During the cold weather of winter, many of us try to stay indoors as much as possible. While some folks must work out in the elements, there are some brave souls who voluntarily exercise outside in the cold.
My general rule of thumb is to jog inside if the outdoor temperature is less than 50 degrees because I frequently experience wheezing at lower temperatures due to exercise-induced bronchospasm.
I was reminded of this problem while reading of vocal cord dysfunction, which is when the vocal cords close when they should be opening, particularly during inspiration (inhaling).
This problem should be suspected in people with wheezing or stridor when breathing in. It might also cause sudden, severe difficulty breathing without a low oxygen level, rapid breathing, or increased work of breathing. Also, throat or chest tightness might occur as well as anxiety, particularly in females.
Vocal cord dysfunction should be considered in patients with poor response to optimal medical management of asthma. Other diagnoses to be considered include poorly controlled asthma, anatomic defects, swelling of the larynx (voice box), nerve injury and neurologic disorders
Common triggers of vocal cord dysfunction include exercise, asthma, gastroesophageal reflux disease, postnasal drip, upper or lower respiratory tract infection and irritants.
Vocal cord dysfunction occurs two to three times more often in females than in males. It occurs at any age but is more commonly diagnosed in patients 30 to 40 years of age. It may coexist with asthma (25% to 30%), gastroesophageal reflux disease or anxiety disorders.
Looking into the nose and throat with a scope and pulmonary function testing, with provocative exercise and methacholine, can help diagnose vocal cord dysfunction and are helpful to evaluate for other causes.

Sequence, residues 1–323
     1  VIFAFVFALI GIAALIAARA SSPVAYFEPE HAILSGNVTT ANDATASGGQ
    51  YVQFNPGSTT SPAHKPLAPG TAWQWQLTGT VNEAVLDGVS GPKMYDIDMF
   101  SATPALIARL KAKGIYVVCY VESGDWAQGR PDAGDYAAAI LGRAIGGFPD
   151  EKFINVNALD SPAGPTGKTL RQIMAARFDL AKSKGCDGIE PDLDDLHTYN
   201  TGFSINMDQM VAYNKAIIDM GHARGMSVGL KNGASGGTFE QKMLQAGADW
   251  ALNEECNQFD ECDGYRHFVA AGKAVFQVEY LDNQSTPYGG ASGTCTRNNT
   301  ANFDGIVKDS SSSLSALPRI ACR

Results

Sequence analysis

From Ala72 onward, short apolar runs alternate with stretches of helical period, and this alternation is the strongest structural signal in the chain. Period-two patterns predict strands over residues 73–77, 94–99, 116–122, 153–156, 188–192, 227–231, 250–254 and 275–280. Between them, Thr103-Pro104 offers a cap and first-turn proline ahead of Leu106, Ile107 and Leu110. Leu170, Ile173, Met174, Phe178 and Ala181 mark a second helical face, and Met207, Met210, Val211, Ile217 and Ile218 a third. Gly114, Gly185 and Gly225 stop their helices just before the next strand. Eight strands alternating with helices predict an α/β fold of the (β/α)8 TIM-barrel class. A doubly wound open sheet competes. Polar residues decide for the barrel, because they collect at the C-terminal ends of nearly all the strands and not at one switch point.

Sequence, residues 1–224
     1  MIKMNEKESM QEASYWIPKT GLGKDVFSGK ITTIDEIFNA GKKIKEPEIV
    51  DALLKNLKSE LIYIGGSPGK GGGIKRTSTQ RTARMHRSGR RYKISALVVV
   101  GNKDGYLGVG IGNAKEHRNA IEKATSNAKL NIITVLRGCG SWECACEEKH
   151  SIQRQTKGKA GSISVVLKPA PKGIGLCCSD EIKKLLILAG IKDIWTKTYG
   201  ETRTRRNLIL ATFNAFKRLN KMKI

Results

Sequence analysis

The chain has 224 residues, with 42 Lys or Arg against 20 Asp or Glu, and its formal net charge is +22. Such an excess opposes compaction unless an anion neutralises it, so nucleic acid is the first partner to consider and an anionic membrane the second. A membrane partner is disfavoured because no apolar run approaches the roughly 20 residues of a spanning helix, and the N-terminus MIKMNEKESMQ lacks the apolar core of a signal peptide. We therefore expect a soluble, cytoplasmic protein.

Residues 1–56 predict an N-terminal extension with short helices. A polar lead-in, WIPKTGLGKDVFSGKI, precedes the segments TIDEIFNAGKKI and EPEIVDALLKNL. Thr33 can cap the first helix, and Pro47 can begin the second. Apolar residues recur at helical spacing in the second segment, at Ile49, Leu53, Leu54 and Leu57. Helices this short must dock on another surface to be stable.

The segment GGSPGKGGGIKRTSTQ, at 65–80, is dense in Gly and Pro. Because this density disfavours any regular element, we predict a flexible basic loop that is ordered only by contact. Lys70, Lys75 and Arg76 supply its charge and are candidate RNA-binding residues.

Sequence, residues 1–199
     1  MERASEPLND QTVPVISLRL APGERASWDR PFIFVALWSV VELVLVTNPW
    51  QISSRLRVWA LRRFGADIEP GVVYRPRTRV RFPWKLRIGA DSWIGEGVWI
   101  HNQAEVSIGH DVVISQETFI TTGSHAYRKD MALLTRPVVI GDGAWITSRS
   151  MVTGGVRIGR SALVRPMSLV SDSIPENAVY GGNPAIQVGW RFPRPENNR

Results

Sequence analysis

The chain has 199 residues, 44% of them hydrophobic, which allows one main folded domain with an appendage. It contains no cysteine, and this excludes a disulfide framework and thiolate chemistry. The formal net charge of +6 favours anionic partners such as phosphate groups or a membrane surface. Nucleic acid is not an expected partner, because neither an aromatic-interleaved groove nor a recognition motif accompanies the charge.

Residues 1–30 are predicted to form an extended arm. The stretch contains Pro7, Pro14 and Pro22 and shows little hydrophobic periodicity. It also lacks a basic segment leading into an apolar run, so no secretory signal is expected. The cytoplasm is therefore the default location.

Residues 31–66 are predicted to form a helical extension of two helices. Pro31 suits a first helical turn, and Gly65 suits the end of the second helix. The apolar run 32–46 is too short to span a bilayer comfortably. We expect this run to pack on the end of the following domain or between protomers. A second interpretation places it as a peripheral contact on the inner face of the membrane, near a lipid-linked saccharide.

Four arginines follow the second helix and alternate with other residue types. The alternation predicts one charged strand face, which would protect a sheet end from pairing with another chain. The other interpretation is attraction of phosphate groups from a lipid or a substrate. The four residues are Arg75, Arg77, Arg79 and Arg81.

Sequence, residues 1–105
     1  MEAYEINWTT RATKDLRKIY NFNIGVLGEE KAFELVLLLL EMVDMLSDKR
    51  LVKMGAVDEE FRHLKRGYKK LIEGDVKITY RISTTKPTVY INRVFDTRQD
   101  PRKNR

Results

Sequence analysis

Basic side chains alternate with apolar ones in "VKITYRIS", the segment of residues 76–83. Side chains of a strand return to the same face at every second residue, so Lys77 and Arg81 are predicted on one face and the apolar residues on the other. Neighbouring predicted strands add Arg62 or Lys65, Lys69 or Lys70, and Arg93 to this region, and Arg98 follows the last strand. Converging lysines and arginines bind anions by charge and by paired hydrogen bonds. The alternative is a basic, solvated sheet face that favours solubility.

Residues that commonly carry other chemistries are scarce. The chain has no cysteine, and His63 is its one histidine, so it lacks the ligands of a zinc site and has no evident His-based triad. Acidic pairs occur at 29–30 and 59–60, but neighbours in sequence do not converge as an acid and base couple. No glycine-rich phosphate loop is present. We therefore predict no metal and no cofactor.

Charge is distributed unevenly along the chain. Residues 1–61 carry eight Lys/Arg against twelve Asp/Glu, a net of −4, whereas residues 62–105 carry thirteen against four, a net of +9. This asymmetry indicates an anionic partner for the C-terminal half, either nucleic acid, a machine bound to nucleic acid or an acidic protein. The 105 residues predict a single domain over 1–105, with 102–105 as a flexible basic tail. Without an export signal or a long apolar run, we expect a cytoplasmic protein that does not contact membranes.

Conditions that can trigger vocal cord dysfunction should be optimally treated, particularly asthma, gastroesophageal reflux disease, and postnasal drip, while avoiding potential irritants.
Therapeutic breathing maneuvers and vocal cord relaxation techniques are first-line therapy for vocal cord dysfunction. Coexisting asthma should be treated with usual asthma care. Behavioral counseling should be considered for patients with anxiety and depression. Heliox (a mixture of helium and oxygen) has been described as a potential treatment during acute attacks.
Sometimes, vocal cord dysfunction leads to difficulty speaking (dysphonia), as opposed to difficulty breathing (dyspnea), because of abnormal laryngeal muscle spasms. Speech therapy may improve the voice in patients with dysphonia.
In some cases, Botox injections may be helpful for spasmodic dysphonia and for treating dyspnea in certain cases, although evidence is limited.
If you have concerns that you may have vocal cord dysfunction, consult your health care provider. Referral to an ears, nose and throat specialist and/or a speech therapist should be considered.
Changing the subject, last week I wrote about wearing a device like the Apple watch to detect and monitor atrial fibrillation. Please do not think this is an ad for Apple watches, but the following made me think that I should consider updating mine from a series 2 Apple watch.
In Morrow, Georgia, when an older individual fell outside, his Apple Watch detected the fall and called authorities, potentially saving the man’s life. They were able to trace the Apple Watch’s GPS coordinates to the man’s approximate location.
They found the man near some shrubbery, semi-conscious and in below freezing temperatures. They quickly transported him to the hospital.
Also, in honor of February as Heart Month, Apple rolled out new heart health resources across its services with the aim to keep its U.S. customers healthy and informed.
Custom compilations for heart health will be available, according to a Jan. 31 blog post on the company’s website:
For Apple Watch users, a heart activity challenge will be added Feb. 14. Users must work out for 30 minutes to receive a reward.
The App Store will contain apps dedicated to cardiovascular health aimed to provide users insights about their heart rate, activity levels, fitness and overall wellness.
Apple Books is set to provide users with an array of heart health-focused titles.
Apple TV will focus on shows dedicated to heart science, healthy living and heart disease.
Apple Podcasts will highlight offerings that feature medical experts who will provide users with tips on how they can improve their health.
I am sure Android users can find similar things. But Apple products are more familiar to me.